As Paul relates his conversion experience to an audience in Jerusalem, he says, “They that were with me saw indeed the light, and were afraid; but they heard not the voice of him that spake to me” (Acts 22:9, KJV).
However, Luke, in relating the same event, says, “The men which journeyed with him stood speechless, hearing a voice, but seeing no man” (Acts 9:7, KJV).
So, which is it? Paul says “they heard not the voice,” and Luke says they were “hearing a voice.”
First of all, the word for “voice” in these verses is the Greek word phone, which means “a sound, a tone, a speech, a voice, or a natural sound.” With such a wide-ranging definition, the context must determine the most accurate meaning of the word. Most commonly, phone is applied to a voice from God, a human, or an angel. However, phone can also refer to sounds in general. It is translated “sound” in John 3:8, “The wind blows wherever it pleases. You hear its sound. . . .” Paul uses the word to refer to the “sound” of a trumpet in 1 Corinthians 14:8.
The flexibility of phone is quite evident in Revelation 1:15, “His feet were like bronze glowing in a furnace, and his voice [phone] was like the sound [phone] of rushing waters.” Here, the identical Greek word is translated two different ways.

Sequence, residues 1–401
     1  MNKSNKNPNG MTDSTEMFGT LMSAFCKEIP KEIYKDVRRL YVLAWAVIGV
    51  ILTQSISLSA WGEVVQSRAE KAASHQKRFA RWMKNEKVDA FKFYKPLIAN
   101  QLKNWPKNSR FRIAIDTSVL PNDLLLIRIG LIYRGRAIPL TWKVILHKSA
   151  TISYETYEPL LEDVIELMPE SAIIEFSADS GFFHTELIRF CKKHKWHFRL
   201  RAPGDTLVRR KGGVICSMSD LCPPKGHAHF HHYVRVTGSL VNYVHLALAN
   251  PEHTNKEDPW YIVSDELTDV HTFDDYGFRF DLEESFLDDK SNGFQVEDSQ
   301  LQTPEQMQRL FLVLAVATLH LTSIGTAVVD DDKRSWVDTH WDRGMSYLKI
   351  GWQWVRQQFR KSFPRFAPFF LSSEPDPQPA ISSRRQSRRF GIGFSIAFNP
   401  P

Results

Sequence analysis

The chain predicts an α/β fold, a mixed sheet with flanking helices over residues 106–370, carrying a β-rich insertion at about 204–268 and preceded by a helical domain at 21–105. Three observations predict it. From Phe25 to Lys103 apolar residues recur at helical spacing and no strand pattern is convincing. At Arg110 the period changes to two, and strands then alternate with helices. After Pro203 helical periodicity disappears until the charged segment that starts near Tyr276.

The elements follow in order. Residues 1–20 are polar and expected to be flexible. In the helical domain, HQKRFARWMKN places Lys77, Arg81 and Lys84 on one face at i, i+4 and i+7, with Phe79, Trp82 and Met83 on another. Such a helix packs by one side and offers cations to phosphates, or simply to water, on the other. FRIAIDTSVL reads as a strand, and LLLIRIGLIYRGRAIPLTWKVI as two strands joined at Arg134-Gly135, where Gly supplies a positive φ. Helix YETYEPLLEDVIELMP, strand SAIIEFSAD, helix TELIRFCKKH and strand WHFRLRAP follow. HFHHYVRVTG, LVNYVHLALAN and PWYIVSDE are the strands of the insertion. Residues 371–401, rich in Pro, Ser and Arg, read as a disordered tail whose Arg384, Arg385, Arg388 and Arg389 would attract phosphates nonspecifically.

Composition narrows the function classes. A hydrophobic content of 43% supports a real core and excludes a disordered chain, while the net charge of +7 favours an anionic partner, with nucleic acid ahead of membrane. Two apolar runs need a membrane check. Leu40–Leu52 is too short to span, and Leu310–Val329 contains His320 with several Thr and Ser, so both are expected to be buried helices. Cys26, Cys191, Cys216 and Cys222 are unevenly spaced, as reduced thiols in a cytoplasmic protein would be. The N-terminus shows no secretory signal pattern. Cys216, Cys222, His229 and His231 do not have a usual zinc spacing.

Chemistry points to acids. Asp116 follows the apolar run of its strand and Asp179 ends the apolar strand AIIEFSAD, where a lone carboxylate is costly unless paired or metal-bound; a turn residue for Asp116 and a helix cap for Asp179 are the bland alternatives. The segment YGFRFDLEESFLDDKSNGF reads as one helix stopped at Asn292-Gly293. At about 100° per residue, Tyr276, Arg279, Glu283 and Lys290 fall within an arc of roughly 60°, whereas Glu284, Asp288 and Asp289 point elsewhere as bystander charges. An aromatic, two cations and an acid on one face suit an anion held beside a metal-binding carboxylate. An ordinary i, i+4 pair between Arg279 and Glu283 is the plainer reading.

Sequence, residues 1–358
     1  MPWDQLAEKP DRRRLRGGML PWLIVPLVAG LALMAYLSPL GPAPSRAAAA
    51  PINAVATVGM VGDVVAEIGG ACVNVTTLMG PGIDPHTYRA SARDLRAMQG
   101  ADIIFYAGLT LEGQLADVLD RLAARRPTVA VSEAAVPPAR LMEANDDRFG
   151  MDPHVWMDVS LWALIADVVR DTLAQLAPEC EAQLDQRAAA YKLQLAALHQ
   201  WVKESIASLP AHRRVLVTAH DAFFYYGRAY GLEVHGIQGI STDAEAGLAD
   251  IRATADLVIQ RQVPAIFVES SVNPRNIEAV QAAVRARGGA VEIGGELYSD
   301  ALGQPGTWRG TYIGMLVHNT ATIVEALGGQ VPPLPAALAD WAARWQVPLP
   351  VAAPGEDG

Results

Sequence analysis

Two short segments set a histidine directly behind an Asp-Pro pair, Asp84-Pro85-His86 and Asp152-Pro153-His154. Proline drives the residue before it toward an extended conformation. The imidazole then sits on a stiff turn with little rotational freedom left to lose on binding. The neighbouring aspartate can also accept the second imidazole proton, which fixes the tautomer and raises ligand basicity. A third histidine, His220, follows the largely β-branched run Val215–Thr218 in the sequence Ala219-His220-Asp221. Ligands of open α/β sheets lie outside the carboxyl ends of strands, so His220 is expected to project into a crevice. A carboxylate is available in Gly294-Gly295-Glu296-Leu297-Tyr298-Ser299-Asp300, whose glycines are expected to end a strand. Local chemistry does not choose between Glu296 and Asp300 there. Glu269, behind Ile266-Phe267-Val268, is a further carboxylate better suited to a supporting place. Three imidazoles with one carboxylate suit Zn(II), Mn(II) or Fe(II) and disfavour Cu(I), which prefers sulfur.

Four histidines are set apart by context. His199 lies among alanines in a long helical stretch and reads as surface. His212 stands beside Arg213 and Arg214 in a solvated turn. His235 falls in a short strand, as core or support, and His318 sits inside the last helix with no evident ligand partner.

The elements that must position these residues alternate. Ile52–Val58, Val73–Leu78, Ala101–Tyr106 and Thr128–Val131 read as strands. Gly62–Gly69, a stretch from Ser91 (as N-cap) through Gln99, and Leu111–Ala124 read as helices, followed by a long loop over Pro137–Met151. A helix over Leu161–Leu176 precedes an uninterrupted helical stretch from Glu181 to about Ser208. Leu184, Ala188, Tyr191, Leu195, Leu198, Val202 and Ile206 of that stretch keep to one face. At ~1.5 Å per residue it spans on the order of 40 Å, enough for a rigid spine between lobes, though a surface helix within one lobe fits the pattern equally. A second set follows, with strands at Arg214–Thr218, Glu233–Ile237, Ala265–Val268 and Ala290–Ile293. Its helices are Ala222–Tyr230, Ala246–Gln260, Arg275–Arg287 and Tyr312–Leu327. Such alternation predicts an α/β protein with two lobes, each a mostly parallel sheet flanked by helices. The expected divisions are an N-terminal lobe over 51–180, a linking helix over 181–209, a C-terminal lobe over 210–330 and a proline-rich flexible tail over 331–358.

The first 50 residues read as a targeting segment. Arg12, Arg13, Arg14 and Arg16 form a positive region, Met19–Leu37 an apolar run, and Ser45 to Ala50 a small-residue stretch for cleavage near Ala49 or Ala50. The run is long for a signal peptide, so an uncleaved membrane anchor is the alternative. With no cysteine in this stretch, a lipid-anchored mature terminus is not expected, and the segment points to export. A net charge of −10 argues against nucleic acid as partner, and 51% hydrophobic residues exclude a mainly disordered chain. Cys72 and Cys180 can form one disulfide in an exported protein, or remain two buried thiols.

These examples illustrate how confusion can arise in the comparison of Acts 9 with Acts 22. Paul heard a voice as Jesus communicated directly with him. The men with Paul heard the voice speaking to Paul but, to them, it was just an unintelligible sound. Did they hear the voice? Yes, in the sense that they heard something. But, since they could not understand what the voice said, it was nothing more than a sound—in other words, they couldn’t really “hear” Jesus.
The ESV clears up the seeming contradiction nicely: “Those who were with me saw the light but did not understand the voice of the one who was speaking to me” (Acts 22:9). And, “They heard the sound but did not see anyone” (Acts 9:7). Not understanding the voice—but hearing the sound—is a good description of what happened.
This difficulty is one of several minute problems that occur during the translation process. Praise the Lord, such difficulties are easily resolved and do not affect any major doctrine of our faith.